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Identification and Creation
Object Number
1943.1120
Title
Striding Male Holding a Vessel
Other Titles
Alternate Title: Male Figure
Classification
Sculpture
Work Type
statuette, sculpture
Date
2nd Millennium BCE
Places
Creation Place: Ancient & Byzantine World, Asia, Syria
Period
Bronze Age
Culture
Levantine
Persistent Link
https://hvrd.art/o/303840
Physical Descriptions
Medium
Bronze
Technique
Cast, lost-wax process
Dimensions
13.8 x 2.6 x 3 cm (5 7/16 x 1 x 1 3/16 in.)
Technical Details

Chemical Composition: ICP-MS/AAA data from sample, Bronze:
Cu, 95.25; Sn, 3.58; Pb, 0.15; Zn, 0.008; Fe, 0.51; Ni, 0.06; Ag, 0.03; Sb, less than 0.05; As, 0.41; Bi, less than 0.025; Co, 0.012; Au, less than 0.01; Cd, less than 0.001

J. Riederer

Technical Observations: The patina is dark green and brown with spots of red. Brown burial accretions are also present. The surface is well preserved. The right hand appears to be lost, and the surface at the loss is old and worn and probably pre-dates burial.

The soft and imprecise shapes indicate the solid-cast figure was made from a model formed directly in the wax. Cast grooves up to 2 mm deep are located at the back of the head and legs, at the sides of the arms, and at the right side of the body. These do not appear decorative in and of themselves but could have been used to secure a cladding of a secondary metal. The deep and crudely textured eye sockets might also have contained secondary decorative elements. No remains of added material are visible under magnification.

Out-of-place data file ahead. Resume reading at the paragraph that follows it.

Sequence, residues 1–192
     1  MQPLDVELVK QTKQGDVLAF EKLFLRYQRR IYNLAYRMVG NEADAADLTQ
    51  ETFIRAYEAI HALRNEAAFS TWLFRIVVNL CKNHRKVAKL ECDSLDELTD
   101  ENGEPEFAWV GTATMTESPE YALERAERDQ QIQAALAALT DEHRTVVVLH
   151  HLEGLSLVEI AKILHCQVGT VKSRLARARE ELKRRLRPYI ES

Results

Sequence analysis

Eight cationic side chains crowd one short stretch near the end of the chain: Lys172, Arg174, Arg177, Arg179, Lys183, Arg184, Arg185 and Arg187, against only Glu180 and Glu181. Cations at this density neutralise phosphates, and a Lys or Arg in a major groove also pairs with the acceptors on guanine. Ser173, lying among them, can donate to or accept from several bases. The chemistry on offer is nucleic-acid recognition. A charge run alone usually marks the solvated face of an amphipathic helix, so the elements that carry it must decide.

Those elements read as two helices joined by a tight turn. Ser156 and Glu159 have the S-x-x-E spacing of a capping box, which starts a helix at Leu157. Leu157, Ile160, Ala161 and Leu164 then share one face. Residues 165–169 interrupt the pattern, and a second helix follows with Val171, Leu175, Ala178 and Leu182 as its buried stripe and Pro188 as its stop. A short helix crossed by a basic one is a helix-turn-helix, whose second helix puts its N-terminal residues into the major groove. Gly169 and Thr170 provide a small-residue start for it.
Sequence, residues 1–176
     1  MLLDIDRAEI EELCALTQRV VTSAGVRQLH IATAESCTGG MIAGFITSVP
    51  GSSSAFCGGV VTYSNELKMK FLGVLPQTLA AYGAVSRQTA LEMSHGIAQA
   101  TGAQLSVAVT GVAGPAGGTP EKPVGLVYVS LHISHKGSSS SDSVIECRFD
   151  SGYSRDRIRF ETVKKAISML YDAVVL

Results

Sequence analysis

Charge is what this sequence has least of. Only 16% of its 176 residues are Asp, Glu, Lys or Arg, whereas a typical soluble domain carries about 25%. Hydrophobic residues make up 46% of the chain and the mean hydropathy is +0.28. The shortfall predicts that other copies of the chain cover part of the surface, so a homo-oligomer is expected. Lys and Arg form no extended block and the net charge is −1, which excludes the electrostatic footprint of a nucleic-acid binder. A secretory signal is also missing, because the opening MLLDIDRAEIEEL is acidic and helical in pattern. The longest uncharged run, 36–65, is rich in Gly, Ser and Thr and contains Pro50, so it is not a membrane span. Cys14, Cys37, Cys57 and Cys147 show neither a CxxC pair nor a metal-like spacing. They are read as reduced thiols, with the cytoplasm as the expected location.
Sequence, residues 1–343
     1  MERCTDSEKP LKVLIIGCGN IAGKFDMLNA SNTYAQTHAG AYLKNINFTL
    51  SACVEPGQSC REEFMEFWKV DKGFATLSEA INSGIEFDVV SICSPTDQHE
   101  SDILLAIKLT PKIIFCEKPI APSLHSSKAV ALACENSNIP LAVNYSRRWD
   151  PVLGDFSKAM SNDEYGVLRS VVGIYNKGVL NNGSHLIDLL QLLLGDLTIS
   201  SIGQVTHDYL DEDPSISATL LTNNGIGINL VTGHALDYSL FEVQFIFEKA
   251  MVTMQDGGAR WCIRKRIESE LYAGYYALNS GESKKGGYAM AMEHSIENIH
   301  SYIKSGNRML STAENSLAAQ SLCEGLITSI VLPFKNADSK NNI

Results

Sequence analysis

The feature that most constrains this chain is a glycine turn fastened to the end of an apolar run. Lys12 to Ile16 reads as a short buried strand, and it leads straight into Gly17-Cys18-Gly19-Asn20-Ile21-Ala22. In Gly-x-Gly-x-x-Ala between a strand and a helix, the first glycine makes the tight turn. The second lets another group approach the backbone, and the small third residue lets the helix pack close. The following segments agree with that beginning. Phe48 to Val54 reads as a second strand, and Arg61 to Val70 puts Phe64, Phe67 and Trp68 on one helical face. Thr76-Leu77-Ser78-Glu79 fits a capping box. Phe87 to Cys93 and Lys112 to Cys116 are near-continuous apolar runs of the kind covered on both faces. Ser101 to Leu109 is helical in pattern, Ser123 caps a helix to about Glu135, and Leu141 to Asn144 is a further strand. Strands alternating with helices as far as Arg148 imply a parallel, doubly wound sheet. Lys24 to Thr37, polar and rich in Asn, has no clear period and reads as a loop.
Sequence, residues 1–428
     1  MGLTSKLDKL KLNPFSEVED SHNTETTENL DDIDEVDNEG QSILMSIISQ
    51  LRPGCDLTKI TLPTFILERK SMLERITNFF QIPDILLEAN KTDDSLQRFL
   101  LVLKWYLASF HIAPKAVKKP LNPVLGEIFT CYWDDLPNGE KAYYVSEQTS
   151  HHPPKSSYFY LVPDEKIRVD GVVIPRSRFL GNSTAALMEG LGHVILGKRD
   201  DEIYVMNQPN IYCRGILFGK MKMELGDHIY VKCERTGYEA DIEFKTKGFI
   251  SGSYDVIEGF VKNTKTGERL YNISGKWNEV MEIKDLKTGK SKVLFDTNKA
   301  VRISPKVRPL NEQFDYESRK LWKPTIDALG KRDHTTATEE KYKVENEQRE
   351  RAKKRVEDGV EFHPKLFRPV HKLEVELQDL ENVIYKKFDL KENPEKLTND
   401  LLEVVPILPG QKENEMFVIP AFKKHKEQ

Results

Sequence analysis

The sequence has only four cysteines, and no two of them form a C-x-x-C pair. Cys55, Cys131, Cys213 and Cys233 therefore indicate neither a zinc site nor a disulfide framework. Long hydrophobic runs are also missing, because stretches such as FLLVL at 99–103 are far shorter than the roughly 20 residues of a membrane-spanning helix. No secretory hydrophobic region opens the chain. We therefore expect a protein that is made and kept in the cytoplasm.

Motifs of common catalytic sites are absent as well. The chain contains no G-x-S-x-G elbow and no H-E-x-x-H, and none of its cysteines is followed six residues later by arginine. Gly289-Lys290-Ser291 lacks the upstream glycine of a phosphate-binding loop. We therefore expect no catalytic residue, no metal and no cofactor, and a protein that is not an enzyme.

Henry Lie (submitted 2012)

Provenance
Grenville L. Winthrop, New York, NY, (by 1943), bequest; to Fogg Art Museum, 1943.
Acquisition and Rights
Credit Line
Harvard Art Museums/Arthur M. Sackler Museum, Bequest of Grenville L. Winthrop
Accession Year
1943
Object Number
1943.1120
Division
Asian and Mediterranean Art
Contact
am_asianmediterranean@harvard.edu
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Descriptions

Published Catalogue Text: Ancient Mediterranean and Near Eastern Bronzes at the Harvard Art Museums
The striding figure with a tall, conical headdress and double torc around the neck may represent a deity. The body is modeled in the round with some attention given to musculature, particularly in the lower legs. He wears a knee-length kilt that extends slightly longer in the back than the front; the vertical fringed edge of the kilt is indicated by simple hatched marks along the proper left thigh. With the left foot advancing forward, the figurine stands securely on an irregularly shaped trapezoidal plate. A large looped peg extends below the base (1). Long grooves from the top of the cap, between the shoulder blades, and along the upper arms and right side indicate that metal leaf originally covered the figure. The large head sits on a long neck and tilts slightly to the proper right. An angular nose, excised eye sockets, and semicircular ears distinguish the face. Both arms extend out in front of the body and bend slightly at the elbow. The left hand holds a goblet-shaped vessel, while the right arm, missing its hand, is raised marginally higher. It was perhaps held in a gesture of benediction that is often seen in bronzes of this period, where the right hand is held open with palm outward. This gesture is more common in seated figures, but also can be found in standing and striding figures (2).